2020 was uncharted territory for me in more ways than I could have ever imagined.
Pictured: A quaint storefront I passed by in Bath, England.
Every entity has its own set of terms and acronyms, and daylilies are no different. Daylily details can be very helpful when purchasing plants because it helps you narrow down exactly what characteristics you want, to avoid disappointment later. (Perhaps you want only a late-season blooming daylily, for example.) Many of these terms are listed on a daylily's name tag, or if you purchase online some or all of the registration information is typically included.
This list is in no way comprehensive, but it does cover the most commonly used terms and acronyms that I've come across.
So here's the 411...
Hybridizer: The person who bred the hybrid daylily by hand pollination, and in most cases introduced or registered it with the American Daylily Society
Ploidy: The number of sets of chromosomes of the daylily
Tetraploids are typically more sturdy with heavier petal substance, while diploids are more delicate and graceful in appearance. When hybridizing, a diploid cannot be crossed with a tetraploid and vice-versa.
Foliage: This refers to whether the foliage stays green instead of dying back through the fall and winter
Fan - A complete division of the plant which consists of leaves, crown and roots
SF/DF = Single Fan/Double Fan
Scape - The flower stalk above the crown
Scape Height - The mature average scape height
Bloom Season: Approximate time of flowering (determined by the hybridizer at their location; this may vary slightly if you live in a different location)
Daylilies pictured: 'Webster's Pink Wonder' and 'Lounge Lizard'
Guilty! Luckily, each daylily I bought just for the name turned out to be an amazing plant! Here are six of my 'I love the name' daylilies (pictured in alphabetical order):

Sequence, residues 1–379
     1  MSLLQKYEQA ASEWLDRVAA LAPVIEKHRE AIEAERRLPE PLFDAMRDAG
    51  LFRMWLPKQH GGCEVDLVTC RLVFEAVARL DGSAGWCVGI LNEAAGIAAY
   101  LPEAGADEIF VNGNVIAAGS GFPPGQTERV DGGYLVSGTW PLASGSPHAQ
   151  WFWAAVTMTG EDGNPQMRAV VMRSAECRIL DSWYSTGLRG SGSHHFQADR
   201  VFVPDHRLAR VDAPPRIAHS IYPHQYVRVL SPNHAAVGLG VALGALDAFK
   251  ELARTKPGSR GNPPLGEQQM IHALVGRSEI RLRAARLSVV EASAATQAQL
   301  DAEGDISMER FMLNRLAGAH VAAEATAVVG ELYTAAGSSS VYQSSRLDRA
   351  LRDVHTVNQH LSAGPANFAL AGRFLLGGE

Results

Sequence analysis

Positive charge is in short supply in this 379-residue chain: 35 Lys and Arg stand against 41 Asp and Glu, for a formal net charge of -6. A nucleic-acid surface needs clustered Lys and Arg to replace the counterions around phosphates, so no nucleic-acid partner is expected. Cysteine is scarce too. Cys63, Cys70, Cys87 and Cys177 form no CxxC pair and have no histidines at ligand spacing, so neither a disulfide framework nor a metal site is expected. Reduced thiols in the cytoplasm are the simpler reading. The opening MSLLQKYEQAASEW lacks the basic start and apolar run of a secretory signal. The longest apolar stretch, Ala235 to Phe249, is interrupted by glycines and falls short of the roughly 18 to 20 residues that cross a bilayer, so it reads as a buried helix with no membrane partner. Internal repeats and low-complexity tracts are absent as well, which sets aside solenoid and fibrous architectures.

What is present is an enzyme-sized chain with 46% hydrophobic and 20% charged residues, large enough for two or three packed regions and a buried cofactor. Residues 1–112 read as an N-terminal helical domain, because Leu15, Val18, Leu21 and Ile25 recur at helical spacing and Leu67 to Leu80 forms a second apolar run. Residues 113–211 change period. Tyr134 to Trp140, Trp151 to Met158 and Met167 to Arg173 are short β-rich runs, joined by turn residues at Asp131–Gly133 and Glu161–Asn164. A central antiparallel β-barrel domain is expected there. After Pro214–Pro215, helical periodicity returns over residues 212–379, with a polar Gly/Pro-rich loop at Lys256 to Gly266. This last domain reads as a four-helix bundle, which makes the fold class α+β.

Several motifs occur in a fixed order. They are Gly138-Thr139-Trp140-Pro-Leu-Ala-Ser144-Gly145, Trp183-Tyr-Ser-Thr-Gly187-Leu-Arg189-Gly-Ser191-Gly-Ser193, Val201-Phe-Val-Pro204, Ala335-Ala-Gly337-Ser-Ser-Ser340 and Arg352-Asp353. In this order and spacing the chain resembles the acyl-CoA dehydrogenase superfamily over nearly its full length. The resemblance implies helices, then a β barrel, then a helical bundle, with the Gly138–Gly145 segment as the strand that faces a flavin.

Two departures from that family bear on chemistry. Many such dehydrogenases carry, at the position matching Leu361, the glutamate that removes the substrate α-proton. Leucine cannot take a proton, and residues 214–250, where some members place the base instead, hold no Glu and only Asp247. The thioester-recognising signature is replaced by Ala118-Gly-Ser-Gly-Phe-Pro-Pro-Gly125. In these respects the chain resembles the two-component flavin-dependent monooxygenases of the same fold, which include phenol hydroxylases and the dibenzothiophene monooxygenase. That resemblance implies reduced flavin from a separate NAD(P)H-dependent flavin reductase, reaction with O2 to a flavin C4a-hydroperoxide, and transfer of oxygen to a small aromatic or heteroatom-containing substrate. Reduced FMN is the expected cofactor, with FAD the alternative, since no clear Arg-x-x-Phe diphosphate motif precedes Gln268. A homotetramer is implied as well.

Here are a few daylily hacks that have helped me grow healthy daylilies over the years:
As much as I love my daylilies, Picky-Patty-Me harbors a few pet peeves. Here are my top ten:
Here are some of my experiences that make up the ever-present irony of daily life. Do any sound familiar?
I'm often glad I live out in the country, because I'd be the first to admit that I can get very distracted while outside gardening. I sometimes find myself just sitting still with my eyes closed so I can hear the birds, feel the wind in my hair, or enjoy the warm sun on my face. If I had close neighbors they'd probably wonder what I was doing.
Weeding, after all, is not the most rewarding garden activity. I can easily be distracted from weeding -- fill that bunny hole, stomp down that mole tunnel, remove the Japanese beetles from my plants, or run to get my camera or phone to capture that perfect photo I can visualize. Some days (or should I say most days) weeding can take way longer than expected.
But I don't think that's a bad thing; it's all part of what we enjoy about the garden experience. And on a positive note...it's great for your well-being.
Pictured: Daylily 'Grey Witch'
If you talk, sing, or play music to your plants, will they respond? Does it help them grow?